Diversification across major biogeographic breaks in the African Shining/Square-tailed drongos complex (Passeriformes: Dicruridae)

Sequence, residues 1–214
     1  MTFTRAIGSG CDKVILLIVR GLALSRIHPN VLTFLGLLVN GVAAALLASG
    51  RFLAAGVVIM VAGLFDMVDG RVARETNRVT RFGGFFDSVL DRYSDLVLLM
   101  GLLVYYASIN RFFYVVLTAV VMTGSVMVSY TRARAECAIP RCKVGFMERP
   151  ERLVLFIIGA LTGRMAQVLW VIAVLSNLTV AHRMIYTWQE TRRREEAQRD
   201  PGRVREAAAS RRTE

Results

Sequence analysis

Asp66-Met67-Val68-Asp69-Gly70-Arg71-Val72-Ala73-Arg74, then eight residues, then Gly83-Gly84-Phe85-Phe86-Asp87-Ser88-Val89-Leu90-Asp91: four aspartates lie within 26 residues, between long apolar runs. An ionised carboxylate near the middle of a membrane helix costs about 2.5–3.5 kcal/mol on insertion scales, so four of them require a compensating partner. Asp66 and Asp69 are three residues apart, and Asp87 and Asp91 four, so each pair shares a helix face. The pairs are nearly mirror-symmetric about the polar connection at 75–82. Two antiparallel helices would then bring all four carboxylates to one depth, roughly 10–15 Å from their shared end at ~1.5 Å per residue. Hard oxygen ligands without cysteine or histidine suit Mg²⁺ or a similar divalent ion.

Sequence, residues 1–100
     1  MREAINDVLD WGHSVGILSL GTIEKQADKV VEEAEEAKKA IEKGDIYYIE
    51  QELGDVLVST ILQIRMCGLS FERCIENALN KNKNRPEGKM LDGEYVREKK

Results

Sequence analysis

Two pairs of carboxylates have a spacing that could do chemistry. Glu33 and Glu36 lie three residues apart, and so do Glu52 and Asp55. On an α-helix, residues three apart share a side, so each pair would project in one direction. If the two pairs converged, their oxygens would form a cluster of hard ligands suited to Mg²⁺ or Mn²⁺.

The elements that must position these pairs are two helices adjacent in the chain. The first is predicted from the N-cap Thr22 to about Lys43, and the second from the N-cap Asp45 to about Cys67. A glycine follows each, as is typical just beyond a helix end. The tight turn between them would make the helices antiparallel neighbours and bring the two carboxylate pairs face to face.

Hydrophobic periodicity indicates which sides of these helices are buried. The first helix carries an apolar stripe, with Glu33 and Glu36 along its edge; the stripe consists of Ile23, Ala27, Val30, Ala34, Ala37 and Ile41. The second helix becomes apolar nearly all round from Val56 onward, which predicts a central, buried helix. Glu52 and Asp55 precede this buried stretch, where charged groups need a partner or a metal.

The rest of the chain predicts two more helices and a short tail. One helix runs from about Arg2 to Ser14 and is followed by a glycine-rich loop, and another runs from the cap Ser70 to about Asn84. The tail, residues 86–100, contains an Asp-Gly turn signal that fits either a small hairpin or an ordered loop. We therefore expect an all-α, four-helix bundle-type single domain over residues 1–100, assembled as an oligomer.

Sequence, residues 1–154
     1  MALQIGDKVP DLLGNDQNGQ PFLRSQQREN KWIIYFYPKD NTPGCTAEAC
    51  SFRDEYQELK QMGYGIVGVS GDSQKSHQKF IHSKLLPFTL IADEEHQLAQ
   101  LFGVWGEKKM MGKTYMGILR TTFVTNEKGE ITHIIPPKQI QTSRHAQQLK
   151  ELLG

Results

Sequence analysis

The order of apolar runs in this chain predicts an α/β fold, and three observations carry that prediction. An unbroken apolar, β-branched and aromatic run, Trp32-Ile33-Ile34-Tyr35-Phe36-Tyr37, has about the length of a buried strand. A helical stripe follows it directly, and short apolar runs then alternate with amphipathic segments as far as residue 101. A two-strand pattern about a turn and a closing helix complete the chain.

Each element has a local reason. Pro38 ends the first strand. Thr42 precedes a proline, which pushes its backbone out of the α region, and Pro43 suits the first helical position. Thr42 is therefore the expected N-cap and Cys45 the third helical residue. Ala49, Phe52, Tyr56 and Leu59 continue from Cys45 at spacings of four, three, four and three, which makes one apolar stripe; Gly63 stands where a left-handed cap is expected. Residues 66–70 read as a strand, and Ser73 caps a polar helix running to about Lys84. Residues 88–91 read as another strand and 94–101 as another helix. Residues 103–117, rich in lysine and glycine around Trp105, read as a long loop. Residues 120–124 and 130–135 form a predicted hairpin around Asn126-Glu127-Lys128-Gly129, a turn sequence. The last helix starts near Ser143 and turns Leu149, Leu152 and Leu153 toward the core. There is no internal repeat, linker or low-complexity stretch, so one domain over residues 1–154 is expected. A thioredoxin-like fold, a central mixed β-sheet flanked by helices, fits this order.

Surprisingly, little is known about the extent of genetic structure within widely distributed and polytypic African species that are not restricted to a particular habitat type. The few studies that have been conducted suggested that speciation among African vertebrates may be intrinsically tied to habitat and the dynamic nature of biome boundaries. In the present study, we assessed the geographic structure of genetic variation across two sister-species of drongos, the Square-tailed Drongo (Dicrurus ludwigii) and the Shining Drongo (D. atripennis), that are distributed across multiple sub-Saharan biogeographic regions and habitat types. Our results indicate that D. ludwigii consists of two strongly divergent lineages, corresponding to an eastern-southern lineage and a central-western lineage. Furthermore, the central-western lineage may be more closely related to D. atripennis, a species restricted to the Guineo-Congolian forest block, and it should therefore be ranked as a separate species from the eastern-southern lineage. Genetic structure is also recovered within the three primary lineages of the D. atripennis-D. ludwigii complex, suggesting that the true species diversity still remains underestimated. Additional sampling and data are required to resolve the taxonomic status of several further populations. Overall, our results suggest the occurrence of complex diversification patterns across habitat types and biogeographic regions in sub-Saharan Africa birds.